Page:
Shocking new data has revealed the exent of hospital stays among aged care residents, with the biggest cause of admissions found to be hip and thigh fractures, followed by injuries to the head.
The study, which was carried out by Monash University and focused on elderly Victorians, found that hip and thigh bone breaks accounted for 18.2 per cent of all injuries which resulted in aged care residents being admitted for treatment. Fractures were also found to be more than twice as common among patients with a diagnosis of dementia.
While the second most common injury, accounting for a total of 12.4 per cent of all admissions, were open wounds to the head. However, the prevalence of wounds to the head actually decreased significantly among dementia patients, with 6.1 per cent compared to 13.1 per cent among those without a diagnosis.
The findings also revealed that these injuries were most often the result of a fall, with stumbles accounting for a staggering 87.9 of bumps, breaks and bruises.
Following physical injuries, the second most common reason that dementia patients had to be rushed to hospital were found to be choking or suffocation related issues, which were significantly more common among patients with an official diagnosis, compared to those without.
The study, published in the most recent edition of Hazard, also revealed the sheer number of hospital admissions due to unintentional injuries with 14,896 people needing to be checked in for treatment over a ten year period between 2007 and 2017. While, unsurprisingly, the majority (64.8 per cent) were residents aged 85 and over, with 70 per cent of those being women.
It went on to examine the number of aged care residents who died in hospital after being admitted for an injury, revealing that 188 Victorian residents had passed away in the period between 2014/15 and 2016/17, with 63 per cent of those aged between 85 and 94, while 57 per cent accounted for female patients.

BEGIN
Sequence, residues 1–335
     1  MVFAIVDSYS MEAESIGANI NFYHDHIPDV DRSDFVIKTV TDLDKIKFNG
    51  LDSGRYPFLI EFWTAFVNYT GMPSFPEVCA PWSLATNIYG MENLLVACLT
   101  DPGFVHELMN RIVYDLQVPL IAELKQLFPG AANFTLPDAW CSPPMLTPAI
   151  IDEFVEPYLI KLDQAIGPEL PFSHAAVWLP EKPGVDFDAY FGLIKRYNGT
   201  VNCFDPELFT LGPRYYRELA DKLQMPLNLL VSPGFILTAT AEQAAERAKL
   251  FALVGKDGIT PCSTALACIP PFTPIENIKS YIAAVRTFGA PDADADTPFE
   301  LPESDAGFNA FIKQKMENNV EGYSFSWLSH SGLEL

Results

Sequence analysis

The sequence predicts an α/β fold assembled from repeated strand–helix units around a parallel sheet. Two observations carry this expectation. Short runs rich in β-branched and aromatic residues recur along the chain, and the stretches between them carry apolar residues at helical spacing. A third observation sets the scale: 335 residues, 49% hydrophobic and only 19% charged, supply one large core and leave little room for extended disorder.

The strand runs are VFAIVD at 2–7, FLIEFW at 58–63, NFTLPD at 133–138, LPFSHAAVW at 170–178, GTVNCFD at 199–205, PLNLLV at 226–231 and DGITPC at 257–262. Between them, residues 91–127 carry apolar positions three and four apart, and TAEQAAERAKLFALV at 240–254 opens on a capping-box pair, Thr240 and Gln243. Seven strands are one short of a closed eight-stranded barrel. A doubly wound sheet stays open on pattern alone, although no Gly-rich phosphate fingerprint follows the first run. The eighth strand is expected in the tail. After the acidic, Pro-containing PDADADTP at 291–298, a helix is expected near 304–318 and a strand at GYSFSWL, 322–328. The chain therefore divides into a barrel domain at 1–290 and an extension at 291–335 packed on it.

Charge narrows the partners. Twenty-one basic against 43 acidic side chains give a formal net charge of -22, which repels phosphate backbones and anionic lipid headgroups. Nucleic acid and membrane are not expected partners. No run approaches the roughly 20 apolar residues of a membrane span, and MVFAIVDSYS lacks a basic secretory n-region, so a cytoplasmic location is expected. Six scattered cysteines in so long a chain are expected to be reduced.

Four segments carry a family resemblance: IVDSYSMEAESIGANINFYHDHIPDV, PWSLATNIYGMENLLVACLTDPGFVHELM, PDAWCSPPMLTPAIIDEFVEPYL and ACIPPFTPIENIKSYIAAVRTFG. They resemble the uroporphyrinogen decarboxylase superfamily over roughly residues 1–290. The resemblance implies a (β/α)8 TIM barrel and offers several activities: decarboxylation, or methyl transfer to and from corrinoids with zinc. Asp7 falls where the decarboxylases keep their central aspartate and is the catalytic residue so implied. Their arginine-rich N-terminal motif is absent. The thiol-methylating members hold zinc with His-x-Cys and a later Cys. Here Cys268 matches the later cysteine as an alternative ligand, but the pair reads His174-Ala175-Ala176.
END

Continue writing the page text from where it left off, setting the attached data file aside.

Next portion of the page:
“The injuries resulting in death most commonly impacted upon the lower extremities and head, face, and neck,” the report states. “Almost half were fractures whilst intracranial injuries and open wounds each accounted for 12.2%of deaths. The majority of injuries with death occurring in the same episode were caused by falls, with a smaller proportion due to suffocation or choking.”
The report also went on to outline a number of recommendations intended to lower the number of aged care residents being admitted to hospital, including prioritising care for over-85s as they are the most commonly injured demographic. It also highlighted an increasing trend of older Australians choosing to remain in their own homes, as well as underlining the need to try and prevent aged care residents from falling and injuring themselves.
“Falls were the most common cause of injury admissions, and hip fractures and head injuries were the most commonly encountered injury types,” the report reads. “Furthermore, these injury types were also most commonly associated with in-hospital death among those admitted from residential aged care in relation to an injury.
“Falls prevention and post-fall management should therefore remain the main focus of injury prevention efforts in residential aged care.”